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A Quick Guide To The Best Vanity Cabinet Materials

Welcome! Whether you’re preparing to remodel your bathroom or you need a vanity to completely revitalize the space, the material you choose for the cabinetry determines everything.

 

Problem is, once you enter the gigantic vanity marketplace it’s easy to start feeling overwhelmed. There are endless options (from across the planet) at every price point, and many product pages leave you guessing.

 

When it comes to getting your hands on a vanity you’ve got four potential paths:

  • Throw some money away on an ultra-low-cost vanity from any big retailer.
  • Purchase a ‘middle of the road’ vanity that could stay in decent condition for 10-20 years.
  • Invest in a high-priced high-quality vanity from mid-range to luxury brand manufacturers.
  • Invest in a custom-made vanity (antique quality) made with the finest materials. Taking this road means you have no limits and neither does the price for elite craftsmanship.
beautiful bathroom remodel by robbins construction

That being said, this quick guide is simply going to walk you through the three main categories of vanity cabinet (base) materials: fiberboard, plywood, and solid wood.

 

Let’s begin.

LDF Board (Low-Density Fiberboard)

Also commonly called Particleboard and Chipboard, on the lowest end of the value spectrum for vanity cabinet materials you have LDF Board.

 

Homeowners typically buy these vanities from big box retailers as afterthoughts, when they’re just looking to fill the vanity area with an inexpensive option. This kind of wood composite material might work well for a throwaway college kid’s desk, but not a serious vanity. Being cheaply mass-produced with lumber mill waste products, particleboard vanities aren’t built to stand the test of time in your bathroom.

 

When decorated with plastic laminates or wood veneers they can get a bit stronger and better looking. However, no one considers particle boards as the vanity cabinet material in their forever bathroom.

  • Particleboards can’t hold the weight of any quality or thick stone-based vanity countertops.
  • As soon as the moisture gets to them they will begin to sag, discolor, and warp.
 

MDF Board (Medium-Density Fiberboard)

Moving up the value ladder you run into endless amounts of MDF board-based vanities.

 

From Low-Density to Medium-Density to High-Density HDF, the manufacturing involved is similar but more intense. The materials are put under higher amounts of pressure, for extended periods. This makes the roughly 30% wood boards of common MDF a bit stronger and last longer than LDF, but again, you’re only going to see these among the cheaper less-durable vanity options.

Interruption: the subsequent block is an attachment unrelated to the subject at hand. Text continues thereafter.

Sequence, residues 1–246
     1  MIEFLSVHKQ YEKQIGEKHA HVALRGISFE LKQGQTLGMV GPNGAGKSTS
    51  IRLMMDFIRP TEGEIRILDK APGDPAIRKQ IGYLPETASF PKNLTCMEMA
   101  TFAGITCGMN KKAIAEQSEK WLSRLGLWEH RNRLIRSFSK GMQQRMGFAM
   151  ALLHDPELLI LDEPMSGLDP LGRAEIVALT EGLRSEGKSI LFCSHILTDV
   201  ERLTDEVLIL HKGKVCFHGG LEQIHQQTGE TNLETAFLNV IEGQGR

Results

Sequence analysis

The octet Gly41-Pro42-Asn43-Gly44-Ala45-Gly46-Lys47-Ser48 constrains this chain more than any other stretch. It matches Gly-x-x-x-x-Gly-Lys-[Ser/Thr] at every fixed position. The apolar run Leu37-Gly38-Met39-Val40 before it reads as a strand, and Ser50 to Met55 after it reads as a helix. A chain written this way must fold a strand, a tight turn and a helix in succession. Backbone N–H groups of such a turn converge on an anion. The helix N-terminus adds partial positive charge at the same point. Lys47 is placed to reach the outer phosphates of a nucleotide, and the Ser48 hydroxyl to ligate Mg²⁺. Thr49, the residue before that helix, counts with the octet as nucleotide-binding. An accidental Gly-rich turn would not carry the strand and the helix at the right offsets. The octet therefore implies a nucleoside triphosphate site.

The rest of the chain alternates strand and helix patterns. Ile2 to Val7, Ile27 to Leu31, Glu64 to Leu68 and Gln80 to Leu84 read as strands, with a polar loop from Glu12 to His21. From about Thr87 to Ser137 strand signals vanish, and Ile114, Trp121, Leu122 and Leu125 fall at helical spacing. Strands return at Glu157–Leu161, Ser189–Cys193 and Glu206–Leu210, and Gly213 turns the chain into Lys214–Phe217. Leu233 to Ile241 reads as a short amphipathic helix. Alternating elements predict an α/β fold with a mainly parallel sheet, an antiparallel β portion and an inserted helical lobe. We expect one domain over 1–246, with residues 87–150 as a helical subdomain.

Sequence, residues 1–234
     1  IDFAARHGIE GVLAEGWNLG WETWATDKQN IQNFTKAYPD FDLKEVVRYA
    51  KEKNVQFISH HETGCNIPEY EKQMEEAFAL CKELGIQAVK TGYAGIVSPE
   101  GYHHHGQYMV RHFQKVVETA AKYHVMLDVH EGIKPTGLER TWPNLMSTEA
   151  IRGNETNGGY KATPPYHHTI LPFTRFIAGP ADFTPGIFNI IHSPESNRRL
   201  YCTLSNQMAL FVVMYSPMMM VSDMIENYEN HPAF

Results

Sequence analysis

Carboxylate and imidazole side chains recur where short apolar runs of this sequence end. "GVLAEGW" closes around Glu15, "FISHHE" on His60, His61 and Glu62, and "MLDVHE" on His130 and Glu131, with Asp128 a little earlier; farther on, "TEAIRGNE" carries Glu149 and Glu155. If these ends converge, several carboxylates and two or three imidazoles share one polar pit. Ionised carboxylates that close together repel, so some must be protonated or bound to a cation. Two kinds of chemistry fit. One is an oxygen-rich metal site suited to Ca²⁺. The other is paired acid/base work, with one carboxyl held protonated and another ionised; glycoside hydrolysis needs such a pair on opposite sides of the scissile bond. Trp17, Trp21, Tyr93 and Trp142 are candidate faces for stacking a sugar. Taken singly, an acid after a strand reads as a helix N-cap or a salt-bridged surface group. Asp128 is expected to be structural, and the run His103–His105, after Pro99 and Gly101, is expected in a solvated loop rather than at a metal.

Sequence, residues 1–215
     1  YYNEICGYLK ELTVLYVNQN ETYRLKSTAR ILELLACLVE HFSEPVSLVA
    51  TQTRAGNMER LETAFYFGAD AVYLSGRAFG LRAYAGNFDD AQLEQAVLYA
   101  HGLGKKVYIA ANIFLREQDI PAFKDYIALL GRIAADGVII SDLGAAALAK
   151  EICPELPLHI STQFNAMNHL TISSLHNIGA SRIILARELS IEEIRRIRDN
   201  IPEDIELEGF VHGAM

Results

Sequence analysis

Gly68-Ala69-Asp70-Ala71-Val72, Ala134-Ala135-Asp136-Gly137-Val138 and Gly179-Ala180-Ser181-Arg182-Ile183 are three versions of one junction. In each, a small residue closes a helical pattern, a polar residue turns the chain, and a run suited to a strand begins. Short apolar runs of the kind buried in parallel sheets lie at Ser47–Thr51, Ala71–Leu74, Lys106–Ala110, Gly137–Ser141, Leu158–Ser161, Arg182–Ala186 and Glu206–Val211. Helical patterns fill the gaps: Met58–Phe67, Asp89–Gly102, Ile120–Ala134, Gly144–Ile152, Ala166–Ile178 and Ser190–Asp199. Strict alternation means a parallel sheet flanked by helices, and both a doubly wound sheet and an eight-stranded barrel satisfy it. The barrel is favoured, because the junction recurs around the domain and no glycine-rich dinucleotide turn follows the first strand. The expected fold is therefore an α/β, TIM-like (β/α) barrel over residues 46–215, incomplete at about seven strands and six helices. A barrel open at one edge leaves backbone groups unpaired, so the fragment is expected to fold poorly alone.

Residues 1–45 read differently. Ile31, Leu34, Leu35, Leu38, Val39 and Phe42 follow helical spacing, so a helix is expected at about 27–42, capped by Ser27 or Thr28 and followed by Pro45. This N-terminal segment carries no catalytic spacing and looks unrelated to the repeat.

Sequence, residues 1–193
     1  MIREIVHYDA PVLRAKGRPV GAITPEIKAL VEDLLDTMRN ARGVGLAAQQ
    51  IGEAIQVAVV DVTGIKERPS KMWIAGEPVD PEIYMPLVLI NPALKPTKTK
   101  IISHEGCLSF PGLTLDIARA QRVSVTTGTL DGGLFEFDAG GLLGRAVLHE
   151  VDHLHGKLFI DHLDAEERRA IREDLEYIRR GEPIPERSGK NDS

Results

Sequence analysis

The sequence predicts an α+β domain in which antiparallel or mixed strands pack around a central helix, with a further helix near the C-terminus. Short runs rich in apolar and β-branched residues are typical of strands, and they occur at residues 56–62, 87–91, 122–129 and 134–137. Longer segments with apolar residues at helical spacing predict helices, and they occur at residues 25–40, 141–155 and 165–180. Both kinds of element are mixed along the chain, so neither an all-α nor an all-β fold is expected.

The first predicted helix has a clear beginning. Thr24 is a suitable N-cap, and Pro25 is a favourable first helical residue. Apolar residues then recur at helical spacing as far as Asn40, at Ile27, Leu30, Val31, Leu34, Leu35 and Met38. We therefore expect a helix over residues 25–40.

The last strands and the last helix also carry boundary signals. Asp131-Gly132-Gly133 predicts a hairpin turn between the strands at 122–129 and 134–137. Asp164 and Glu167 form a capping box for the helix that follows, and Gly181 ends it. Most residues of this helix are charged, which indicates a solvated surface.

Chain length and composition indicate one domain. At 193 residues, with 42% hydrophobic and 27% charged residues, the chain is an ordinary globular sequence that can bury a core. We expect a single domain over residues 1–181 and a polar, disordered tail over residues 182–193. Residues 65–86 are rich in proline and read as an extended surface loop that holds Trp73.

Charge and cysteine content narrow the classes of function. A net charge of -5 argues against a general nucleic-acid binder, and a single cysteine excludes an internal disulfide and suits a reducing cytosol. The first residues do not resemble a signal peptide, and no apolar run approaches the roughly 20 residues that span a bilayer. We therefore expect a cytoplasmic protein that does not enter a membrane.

Luxury bathroom furniture brands make it a point to tell customers their products don’t contain “a spec of MDF or particleboard” to signify much higher quality.

  • While they don’t contract and expand like wood, you can’t stain MDF or HDF boards.
  • MDF is usually protected with industrial sealants or lacquer paint, but they aren’t easy to repair.
  • After they break down and their protective outer layer cracks, water gets in and wreaks havoc.

One trick manufacturers have come up with to use MDF board in bathroom furniture and cut costs, is to top it with real wood veneers. So picture the skeleton of your vanity being one or two layers of quality hardwood (itself protected by a coating or finish), and underneath you’ve got the fiberboard.

The World of Plywood

Rather than wood fibers, shavings, and other wood waste materials being heated and compressed together into boards, plywood is composed of veneers that have been glued together to form sheets. These sheets can come in a wide range of qualities.

 

On the low-grade side, you could have plywood composed of layers of particleboard and MDF/HDF. On the high-grade side, you’ll find heavy plywood-based vanities are in the mid-price-range.

 

Note: When you see vanity product pages that list ’furniture-grade plywood’ as the base material, know that in truth there is no such thing. It’s a made-up term to try and reassure people frightened by the use of low-grade plywood in furniture making.

 

What’s the difference between regular plywood you see under roof systems or used for wall paneling/sheathing, and the kind in mid-range vanities? The quality of the wood and the grading of the smooth veneer finish or coating. On the higher end of the value spectrum, these sheets are “cabinet-grade” plywood.

 

What is Cabinet-Grade Plywood?

  • Most of the cabinet-grade plywood in retail vanities is birch plywood.